By about 1900, some city streets featured drinking fountains for thousands of working horses, courtesy of the local Society for the Prevention of Cruelty to Animals.
They were also treated to free cold curbside showers, as seen in the 1911 Library of Congress photo above.
“The hats will be specially prepared by a horse outfitter in Union Square, following a pattern designed by [SPCA superintendent] Hankinson,” wrote the New York Times in June 1902.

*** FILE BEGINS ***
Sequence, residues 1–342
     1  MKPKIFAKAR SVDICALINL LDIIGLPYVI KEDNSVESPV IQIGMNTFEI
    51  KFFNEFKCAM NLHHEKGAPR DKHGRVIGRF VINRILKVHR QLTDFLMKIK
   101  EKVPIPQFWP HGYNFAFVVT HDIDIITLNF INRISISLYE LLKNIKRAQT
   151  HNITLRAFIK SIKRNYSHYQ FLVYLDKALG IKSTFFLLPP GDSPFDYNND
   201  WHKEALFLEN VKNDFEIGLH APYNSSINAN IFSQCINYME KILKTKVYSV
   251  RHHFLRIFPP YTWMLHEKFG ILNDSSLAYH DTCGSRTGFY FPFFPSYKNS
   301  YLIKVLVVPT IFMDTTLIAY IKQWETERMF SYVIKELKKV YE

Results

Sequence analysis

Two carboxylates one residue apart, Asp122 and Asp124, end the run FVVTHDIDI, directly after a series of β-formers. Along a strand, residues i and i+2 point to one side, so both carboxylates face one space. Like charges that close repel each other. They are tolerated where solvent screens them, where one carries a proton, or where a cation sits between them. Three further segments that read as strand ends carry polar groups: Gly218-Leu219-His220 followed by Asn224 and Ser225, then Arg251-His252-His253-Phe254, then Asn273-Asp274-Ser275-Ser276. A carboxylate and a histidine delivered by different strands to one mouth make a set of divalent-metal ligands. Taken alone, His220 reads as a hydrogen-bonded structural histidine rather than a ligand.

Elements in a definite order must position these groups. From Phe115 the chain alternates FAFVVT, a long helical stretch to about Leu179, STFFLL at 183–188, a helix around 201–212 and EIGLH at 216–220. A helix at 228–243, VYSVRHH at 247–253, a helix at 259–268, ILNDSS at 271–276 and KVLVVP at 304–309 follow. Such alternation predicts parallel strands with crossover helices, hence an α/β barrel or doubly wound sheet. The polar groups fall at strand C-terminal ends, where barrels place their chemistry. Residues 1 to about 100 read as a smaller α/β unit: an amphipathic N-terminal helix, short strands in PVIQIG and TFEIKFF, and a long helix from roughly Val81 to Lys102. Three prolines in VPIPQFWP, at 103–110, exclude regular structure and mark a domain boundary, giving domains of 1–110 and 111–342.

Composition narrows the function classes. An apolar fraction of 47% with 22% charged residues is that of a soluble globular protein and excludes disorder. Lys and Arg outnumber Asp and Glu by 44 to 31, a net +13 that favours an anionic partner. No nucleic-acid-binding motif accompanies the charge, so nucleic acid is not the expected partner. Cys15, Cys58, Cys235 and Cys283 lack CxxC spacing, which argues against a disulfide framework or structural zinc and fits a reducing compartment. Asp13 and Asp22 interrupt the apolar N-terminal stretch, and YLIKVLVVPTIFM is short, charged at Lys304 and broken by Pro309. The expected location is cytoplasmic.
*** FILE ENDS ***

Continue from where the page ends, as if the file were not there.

“The hat, known as the horse sombrero, will be made of coarsely woven straw, about sixteen inches in diameter. The hat has an extraordinary flat brim, and, with the exception of the large holes for the horse’s ears, has the appearance of an ordinary hat.”
The SPCA got the idea from the street horses in Paris, all of whom wore sombreros in the summer, the Times goes on to say. Photo above sent in by an Ephemeral reader.